The organization’s major agenda has roots in the message of Muhammad, who aggressively challenged the Jahiliya (the pre-Islamic Arabian age of ignorance) sociopolitical system and norms. The organization was also inspired by the messages of Hasan al-Banna, who ideologically defended embracing Islam for poli- tics and promoted militant Islam for the formation of Islamic states in the Muslim-majority societies.
The organization is inherently against Jews and Christians. In February 1998, it urged all Muslims of the world to kill U.S. citizens—civilian or military— and their allies everywhere. It was listed as a terror- ist organization after its direct involvement in engi- neering the September 11 terrorist attacks against the United States. The United States led the war in Afghanistan to destroy the organization’s base and structure. The campaign seriously weakened the organization, but it continues to watch the West with deep interest, along with its political moves. Despite its organizational decay post-September 11, it was able to successfully challenge and test the West’s antiterrorist policies and attract sympathies among certain sections of Muslims in Muslim-majority and non-Muslim-majority societies.
Al-Qaeda does not have a central structure, unlike nationalist guerrilla groups such as Sri Lanka’s Liberation Tigers of Tamil Eelam (LTTE), Kurdish Kurd- istan Workers’ Party (PKK), Lebanon’s Hizbollah, or Palestine’s Hamas. But its activities confirm that it has a rich multinational network possessing a global reach, and has been supported through financing, training, and providing logistics to Islamic militants in Afghanistan, Algeria, Bosnia, Chechnya, Eritrea, Kosovo, the Philippines, Somalia, Tajikistan, Yemen, and Kosovo. Additionally, al-Qaeda has been linked to conflicts and attacks in Africa, Asia, Europe, the former Soviet Republics, the Middle East, and North and South America. In fact, no other insurgency group in history was successful as al-Qaeda at widely and globally recruiting foot soldiers. However, al- Qaeda’s core leadership is largely concentrated in two countries, Egypt and Saudi Arabia. This fact poses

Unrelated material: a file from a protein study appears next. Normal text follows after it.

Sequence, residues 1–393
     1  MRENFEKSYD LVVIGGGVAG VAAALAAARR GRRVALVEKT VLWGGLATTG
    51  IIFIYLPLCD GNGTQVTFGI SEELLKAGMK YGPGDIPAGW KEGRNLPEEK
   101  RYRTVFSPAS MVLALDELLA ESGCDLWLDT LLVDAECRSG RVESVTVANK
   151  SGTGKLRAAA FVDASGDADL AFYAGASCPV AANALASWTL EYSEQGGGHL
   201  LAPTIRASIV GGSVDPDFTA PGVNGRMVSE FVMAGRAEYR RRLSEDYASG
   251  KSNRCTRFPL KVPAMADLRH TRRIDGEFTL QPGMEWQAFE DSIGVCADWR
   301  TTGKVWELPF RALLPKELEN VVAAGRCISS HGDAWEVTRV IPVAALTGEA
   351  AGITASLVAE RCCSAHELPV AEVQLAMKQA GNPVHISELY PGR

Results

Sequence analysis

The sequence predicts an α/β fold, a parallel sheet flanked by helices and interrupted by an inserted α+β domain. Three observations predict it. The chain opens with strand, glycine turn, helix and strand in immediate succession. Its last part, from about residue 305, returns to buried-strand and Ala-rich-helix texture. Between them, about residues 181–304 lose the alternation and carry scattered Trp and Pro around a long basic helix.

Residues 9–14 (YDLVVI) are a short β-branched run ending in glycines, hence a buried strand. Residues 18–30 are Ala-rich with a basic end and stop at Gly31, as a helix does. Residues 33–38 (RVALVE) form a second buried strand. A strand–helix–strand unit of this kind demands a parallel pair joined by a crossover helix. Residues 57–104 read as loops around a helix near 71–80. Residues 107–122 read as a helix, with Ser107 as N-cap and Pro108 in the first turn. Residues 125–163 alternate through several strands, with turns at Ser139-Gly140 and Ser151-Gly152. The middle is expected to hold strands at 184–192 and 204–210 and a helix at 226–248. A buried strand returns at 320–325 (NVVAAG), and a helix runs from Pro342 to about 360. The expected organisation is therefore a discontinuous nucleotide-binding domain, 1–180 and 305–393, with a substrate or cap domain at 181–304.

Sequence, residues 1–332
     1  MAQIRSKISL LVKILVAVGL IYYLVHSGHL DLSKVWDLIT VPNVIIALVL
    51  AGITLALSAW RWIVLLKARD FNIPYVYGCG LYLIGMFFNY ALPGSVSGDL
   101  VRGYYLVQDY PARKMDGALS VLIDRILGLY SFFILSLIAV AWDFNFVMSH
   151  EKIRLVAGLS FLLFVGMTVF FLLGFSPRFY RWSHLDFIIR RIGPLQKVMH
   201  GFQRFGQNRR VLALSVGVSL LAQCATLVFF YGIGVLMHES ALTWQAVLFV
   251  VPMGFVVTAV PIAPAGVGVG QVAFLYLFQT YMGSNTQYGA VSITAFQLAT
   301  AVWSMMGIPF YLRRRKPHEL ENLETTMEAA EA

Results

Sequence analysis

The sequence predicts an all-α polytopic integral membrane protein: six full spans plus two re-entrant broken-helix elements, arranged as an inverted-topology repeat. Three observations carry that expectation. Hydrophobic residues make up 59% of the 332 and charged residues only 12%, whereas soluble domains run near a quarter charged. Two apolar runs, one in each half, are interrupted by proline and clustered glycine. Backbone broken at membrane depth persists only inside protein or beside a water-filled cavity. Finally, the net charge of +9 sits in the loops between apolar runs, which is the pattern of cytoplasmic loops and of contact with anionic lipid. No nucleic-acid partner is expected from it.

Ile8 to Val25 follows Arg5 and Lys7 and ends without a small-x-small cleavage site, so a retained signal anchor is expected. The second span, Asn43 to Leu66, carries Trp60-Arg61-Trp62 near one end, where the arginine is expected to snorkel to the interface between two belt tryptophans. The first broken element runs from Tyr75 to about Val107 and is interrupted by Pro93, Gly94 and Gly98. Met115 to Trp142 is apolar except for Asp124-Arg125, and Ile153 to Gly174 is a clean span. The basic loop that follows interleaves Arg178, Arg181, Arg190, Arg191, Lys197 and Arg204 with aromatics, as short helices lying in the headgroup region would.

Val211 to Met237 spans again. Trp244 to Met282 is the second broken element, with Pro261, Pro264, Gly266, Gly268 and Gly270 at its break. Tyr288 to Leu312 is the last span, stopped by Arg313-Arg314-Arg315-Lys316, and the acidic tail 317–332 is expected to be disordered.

serious question about the organization’s true nature of transnationalism.
Looking Forward After the Death of bin Laden
It is unlikely that al-Qaeda will collapse after the death of Osama bin Laden. The organization is active, and its leaders are still capable of recruiting foot soldiers globally and convincing them to embrace death for the caliphate cause of al-Qaeda.